Joyland, directed by Saim Sadiq, is one of the most important films to come out of Pakistan. It is a film that dares to focus on the oppressive nature of conformity in an unforgiving and regimented society, with hopes and dreams snuffed out by the harshness of an intrusive, rigid order. Its strength is its courage to tackle some salient home truths and deeply embedded societal hurdles that many who try to navigate end up irreparably damaged.
Written by Sadiq and Maggie Briggs, the film focuses on one of the thousands of ‘normal’ families in Lahore, Pakistan, with the head of the Rana family (Salmaan Peer) representing the social order. The family live in challenging times but can afford to slaughter a goat upon the expected birth of a grandson but who disappointingly turns out to be a girl. They have running water and enough to put food on the table. Rana’s family consists of two sons and their wives and four granddaughters. He yearns for a grandson as all families in Pakistan would. His younger son, Haider (Ali Junejo), is childless, jobless and helps around the house. He finally lands a job as a dancer in the background in one of the city’s popular theatre shows, staging bawdy dance performances for a lusting male audience. Haider’s main concern is that his father does not find out about his job as society frowns upon these stage shows as immoral and vulgar. It turns out that the performer he supports by dancing in the background is a transgender dancer, Biba (Alina Khan, an actual transgender performer), struggling to make it within the seedy yet vibrant stage scene. Biba carries herself fearlessly despite the odds stacked against her, and gradually, the meek and mild-mannered Haider begins to find a sense of strength through her, and an attraction develops between the two. Haider finds the forbidden fruit of Biba’s affection intoxicating, but their liaison has an air of inevitable fatalism…
Joyland unfolds by watching fragile human beings daring to dream only to find circumstances stifling their ambitions and thwarting their hopes. The bitter-sweet humorous tale makes way for rising melancholia, which engulfs to cloak the characters in a pallor of gloom. The film is a triumph for Pakistani cinema with its handling of mature situations and reality in a way that has never been the case in popular Pakistani movies. In a society steeped in suppression where nobody discusses personal issues, Joyland dares to handle those realities of life that remain brushed under the rug of silence. The handling of complex human realities are dealt with admirable subtlety and astuteness. It is a slow-burn experience that draws a viewer into the lives of imperfections and fragile humanity. It draws attention to how convention and norms erode individuality, spark and spirit, destroying souls along the way—obliterating hope and smothering dreams.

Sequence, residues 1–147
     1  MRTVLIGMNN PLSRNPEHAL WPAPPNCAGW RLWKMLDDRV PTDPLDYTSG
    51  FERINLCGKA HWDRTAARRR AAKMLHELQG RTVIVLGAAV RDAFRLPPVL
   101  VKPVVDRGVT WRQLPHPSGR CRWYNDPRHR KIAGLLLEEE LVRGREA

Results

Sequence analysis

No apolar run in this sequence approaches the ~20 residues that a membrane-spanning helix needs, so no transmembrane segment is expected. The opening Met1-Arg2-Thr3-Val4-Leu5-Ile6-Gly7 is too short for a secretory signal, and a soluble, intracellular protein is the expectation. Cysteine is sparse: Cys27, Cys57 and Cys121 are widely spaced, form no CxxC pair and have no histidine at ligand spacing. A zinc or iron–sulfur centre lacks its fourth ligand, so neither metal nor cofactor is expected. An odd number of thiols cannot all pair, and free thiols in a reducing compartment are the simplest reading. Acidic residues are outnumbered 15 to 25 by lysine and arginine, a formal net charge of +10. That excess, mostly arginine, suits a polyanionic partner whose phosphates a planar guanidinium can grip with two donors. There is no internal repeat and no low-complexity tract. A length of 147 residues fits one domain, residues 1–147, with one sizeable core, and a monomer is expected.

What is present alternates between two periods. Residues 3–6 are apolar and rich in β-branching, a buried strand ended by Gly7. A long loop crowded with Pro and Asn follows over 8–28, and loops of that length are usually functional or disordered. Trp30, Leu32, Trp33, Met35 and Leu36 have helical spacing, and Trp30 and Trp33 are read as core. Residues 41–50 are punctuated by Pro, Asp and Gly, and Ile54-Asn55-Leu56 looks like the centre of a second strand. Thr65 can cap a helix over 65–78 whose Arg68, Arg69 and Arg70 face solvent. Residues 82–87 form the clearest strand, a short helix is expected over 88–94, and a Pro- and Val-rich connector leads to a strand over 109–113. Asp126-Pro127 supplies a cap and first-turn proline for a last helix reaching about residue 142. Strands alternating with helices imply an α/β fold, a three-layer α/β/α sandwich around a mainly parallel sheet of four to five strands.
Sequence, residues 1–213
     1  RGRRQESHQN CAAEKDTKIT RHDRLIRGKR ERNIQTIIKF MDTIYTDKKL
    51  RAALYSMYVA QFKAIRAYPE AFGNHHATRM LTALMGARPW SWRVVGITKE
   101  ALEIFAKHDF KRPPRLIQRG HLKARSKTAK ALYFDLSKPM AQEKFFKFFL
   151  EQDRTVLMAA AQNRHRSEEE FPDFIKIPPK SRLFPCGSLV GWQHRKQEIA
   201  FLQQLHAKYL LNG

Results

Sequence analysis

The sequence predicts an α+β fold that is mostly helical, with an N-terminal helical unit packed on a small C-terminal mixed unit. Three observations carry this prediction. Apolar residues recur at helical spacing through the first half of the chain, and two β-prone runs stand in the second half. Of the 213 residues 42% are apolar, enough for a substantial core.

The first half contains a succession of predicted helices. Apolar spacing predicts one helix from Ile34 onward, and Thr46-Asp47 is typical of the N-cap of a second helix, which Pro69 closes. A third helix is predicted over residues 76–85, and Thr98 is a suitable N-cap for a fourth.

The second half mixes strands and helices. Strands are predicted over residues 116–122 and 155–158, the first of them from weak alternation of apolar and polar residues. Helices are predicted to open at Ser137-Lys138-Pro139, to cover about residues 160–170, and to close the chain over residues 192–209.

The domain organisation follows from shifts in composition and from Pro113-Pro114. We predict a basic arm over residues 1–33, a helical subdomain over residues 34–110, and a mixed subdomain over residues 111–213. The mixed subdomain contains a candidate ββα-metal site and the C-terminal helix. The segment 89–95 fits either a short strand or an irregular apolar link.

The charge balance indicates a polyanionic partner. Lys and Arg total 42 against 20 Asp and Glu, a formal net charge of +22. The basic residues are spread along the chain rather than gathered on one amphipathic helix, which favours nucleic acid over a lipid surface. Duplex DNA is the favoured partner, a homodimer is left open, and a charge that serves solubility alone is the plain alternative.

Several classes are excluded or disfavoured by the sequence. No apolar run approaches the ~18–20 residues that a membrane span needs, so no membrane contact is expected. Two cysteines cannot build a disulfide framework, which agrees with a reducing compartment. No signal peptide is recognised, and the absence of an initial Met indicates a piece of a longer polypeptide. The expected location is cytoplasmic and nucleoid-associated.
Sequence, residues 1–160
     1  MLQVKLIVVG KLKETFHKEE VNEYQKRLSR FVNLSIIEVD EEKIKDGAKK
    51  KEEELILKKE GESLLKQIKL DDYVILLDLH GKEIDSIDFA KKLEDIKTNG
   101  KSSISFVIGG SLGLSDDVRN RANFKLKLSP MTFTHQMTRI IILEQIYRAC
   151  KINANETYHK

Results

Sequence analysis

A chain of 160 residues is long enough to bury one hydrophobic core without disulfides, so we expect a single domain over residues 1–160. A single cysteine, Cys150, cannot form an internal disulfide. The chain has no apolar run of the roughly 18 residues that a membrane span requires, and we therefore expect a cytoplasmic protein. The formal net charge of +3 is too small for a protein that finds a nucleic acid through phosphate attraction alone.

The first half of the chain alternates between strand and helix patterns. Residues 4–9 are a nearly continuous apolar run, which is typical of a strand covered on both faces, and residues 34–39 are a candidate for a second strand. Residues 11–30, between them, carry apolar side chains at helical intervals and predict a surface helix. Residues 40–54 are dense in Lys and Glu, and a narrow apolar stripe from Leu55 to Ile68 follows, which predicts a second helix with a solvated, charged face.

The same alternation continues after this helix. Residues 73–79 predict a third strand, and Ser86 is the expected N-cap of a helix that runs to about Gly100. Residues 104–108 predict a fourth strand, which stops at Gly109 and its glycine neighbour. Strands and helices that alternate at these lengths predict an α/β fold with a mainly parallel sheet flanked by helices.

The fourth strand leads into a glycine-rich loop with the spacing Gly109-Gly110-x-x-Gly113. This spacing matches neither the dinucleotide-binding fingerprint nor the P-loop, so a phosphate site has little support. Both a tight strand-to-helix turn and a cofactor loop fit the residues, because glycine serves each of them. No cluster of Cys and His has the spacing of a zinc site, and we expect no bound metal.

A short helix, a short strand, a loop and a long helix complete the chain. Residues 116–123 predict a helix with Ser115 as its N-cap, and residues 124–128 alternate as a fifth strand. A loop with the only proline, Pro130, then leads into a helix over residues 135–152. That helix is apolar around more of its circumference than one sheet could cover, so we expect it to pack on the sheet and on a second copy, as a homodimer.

The movie is not about one storyline or thread in particular. In telling its tale, the film focuses on the predicaments facing numerous characters, particularly Haider’s wife, Mumtaz (Rasti Farooq), who takes pride in her job as a beautician of worth. Once Haider has a job, Rana orders her to leave her position and help with house chores, as that is the lot of every respectable woman, in an atmosphere where honourable women are caged at home to cook and produce male sons rather than aspire to have any dreams of their own. Her personality, smile, humor, radiance and self-confidence fade like a flickering candle in the wind. She yearns for release and passion and discovers it in a stranger’s forbidden romance, but that short-lived secret is discovered and leaves her humiliated, ultimately leading to a heartbreaking end. Even old man Rana, who finds himself with some tenderness at 70 with a neighboring widow (Sania Saeed), bows down to the “what will people say” syndrome.
The acting is uniformly formidable and restrained, eschewing the overly dramatic for subtlety and realism. A mention, too, for the evocative camerawork by Joe Saade and the haunting score by Abdullah Siddiqui. After its incredible reception at the Cannes film festival earlier this year, it is not inconceivable that Joyland could make history as the first-ever film from South Asia to make a major impact at the Oscars, especially given its setting, the subject matter, and the film’s undoubted excellence.
In Pakistan, the guardians of morality furiously attempted to deny local audiences a viewing of the film at the time of its release, citing its corruptive and dangerous influence on our pious and pure society. Men of virtue and unwavering faith inflict the rules on this utopia, and anything that falls foul of this rigid structure signals a threat to the order. In this highly patriarchal structure, women have no input at all. The weaker sex has its role defined by men, and a good, virtuous woman is the one who knows her place, one who follows but never leads. She is subservient and her dreams can only extend as far as men allow them to. Those who are gay or transgender are an aberration and sully the purity of our virtue. They must be erased or excluded, or if they are allowed to exist, it’s only to be mocked or ridiculed like carnival freaks.It comes as no surprise that the film has been compromised with some heavy-handed cuts and deliberately blurred at various points to avoid sexual situations.
Urdu, Punjabi, Drama, Color